I read Dr. Nancy Pine’s book, Educating Young Giants, with great interest. The book is about her observation of classes in China, her discussions with Chinese teachers and parents (mostly through interpreters), and the comparisons she makes to American education. She admits to being ethnocentric at the time of her first visit to China in 1989, but while she could sometimes recognize her own egocentricity, she was not able to fully overcome it. She noticed that in Chinese literature classes, teachers emphasized close reading and digging for the author’s meaning. She felt that Chinese teachers denied students the opportunity to create personal meaning from the literature they read. Although her research in China centered on elementary literacy development, as a former math major (page 41), she became interested in observing elementary math classes. As everyone who has ever observed Chinese math classes has reported (see, for a few of many examples, Harold Stevenson, James Stigler, Liping Ma), she, too, witnessed superior teaching skill.

I have been teaching math in China for the last several years, and I taught in Japan for nearly two decades. I speak both Japanese and Mandarin. Nancy Pine came to appreciate that Chinese teachers teach mathematics, but “most U.S. ” (page 45). Dr. Pine is being generous. U.S. teachers teach non-math, specifically routines, tricks and shortcuts, but call it math on the misconception that if numbers are running around, it must be math. Chinese teachers spend a significant amount of time considering a relatively simple math problem from every conceivable angle. The students probably already know the “answer” and that is precisely the advantage of using an easy problem. Because they already know the outcome, they can concentrate on the process, the concept-building. Once the concept is solid, their homework includes problems that American students eventually spiral to. She is admitting that she was great at non-math, but weak at mathematics itself.

She believes it is because American teachers are generalists who must teach every subject, while Chinese teachers are specialists who teach only one subject. I would like to suggest that being a generalist or a specialist has nothing to do with it. You see, regardless of professional training or subject matter courses, teachers tend to teach the way they were taught. The strident calls for teachers to take more subject matter courses is misplaced. Simply learning more and more non-math will not improve teaching ability. Okay, how about we reteach math at the university level? I tried to do exactly that, only to meet with terrible resistance. “We don’t want to know why the math works,” my students complained, “Just tell us how to get the answer.” Fine, let’s at least teach those students who aspire to become elementary teachers. The main reason that Chinese students do so well in international math tests is because they actually learn math in school. American do not. Therefore, the reasons critics cite (specially selected students, lower poverty rates, rote learning, etc) miss the point.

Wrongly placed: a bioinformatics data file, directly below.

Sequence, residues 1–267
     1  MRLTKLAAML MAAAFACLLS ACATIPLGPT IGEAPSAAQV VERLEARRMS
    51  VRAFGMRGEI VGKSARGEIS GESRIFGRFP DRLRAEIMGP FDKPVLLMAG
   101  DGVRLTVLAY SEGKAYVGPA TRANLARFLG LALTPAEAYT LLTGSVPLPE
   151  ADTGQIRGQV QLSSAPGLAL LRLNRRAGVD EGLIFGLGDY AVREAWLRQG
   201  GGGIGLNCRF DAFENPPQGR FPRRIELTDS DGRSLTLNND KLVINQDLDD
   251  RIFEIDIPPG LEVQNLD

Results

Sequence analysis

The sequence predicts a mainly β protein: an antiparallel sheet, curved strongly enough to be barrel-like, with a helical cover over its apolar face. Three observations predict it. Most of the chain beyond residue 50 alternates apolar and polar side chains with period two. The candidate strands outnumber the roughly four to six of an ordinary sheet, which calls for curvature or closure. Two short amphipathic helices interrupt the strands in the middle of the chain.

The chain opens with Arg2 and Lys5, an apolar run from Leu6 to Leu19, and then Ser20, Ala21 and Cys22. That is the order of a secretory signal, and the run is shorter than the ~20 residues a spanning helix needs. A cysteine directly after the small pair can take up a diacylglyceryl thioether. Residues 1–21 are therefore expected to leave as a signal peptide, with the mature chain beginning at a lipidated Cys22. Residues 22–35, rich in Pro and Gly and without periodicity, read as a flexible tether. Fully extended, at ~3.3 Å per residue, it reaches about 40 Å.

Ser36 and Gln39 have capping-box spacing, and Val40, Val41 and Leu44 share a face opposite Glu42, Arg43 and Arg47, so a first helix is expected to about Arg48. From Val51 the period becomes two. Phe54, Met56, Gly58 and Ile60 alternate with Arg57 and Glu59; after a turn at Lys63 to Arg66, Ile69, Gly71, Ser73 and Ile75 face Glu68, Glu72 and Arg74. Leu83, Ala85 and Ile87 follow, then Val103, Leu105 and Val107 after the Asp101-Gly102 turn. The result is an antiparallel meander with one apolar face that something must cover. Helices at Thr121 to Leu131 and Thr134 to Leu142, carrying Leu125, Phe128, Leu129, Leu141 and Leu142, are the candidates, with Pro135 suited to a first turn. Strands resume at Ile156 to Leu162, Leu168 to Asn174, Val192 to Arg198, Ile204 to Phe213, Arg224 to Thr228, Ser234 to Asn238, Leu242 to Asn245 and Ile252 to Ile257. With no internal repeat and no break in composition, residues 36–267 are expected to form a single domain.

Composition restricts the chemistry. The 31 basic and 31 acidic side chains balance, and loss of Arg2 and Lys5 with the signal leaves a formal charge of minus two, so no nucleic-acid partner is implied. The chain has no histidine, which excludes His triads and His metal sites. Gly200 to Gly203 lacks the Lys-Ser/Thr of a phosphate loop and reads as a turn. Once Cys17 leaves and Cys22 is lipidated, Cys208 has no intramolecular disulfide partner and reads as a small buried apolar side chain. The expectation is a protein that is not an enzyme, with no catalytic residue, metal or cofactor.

What critics are saying is that due to circumstances beyond our control, American students can never compete with Chinese students. I call baloney. If we would actually teach math in our schools, our students could compete just fine. Next: examples of non-math teaching I encountered in a child’s algebra class. “What do I do with all those plus signs?” she wailed. What did you do with the other ones? I flipped them (referring to a mat-and-tile manipulative she is using in class). Even after all that flipping, she still had no idea what was going on. As long as she flips correctly, she can get the right answer without ever understanding how the flipping was supposed to communicate the concept. Dr. Pine realized that the depth of Chinese math learning far surpassed ours. She lauded it in math but lamented it in literacy, saying that teachers denied Chinese children the expression of their own personal opinions. Everywhere I wrote an asterisk I am referring to the Chinese philosophy of math education as evidenced by the textbook presentation of concepts and the implementation I and others have observed in many Chinese classrooms. HOWEVER, honesty compels me to relate that there are a number of Chinese math teachers whose delivery of math concepts is at best cursory.

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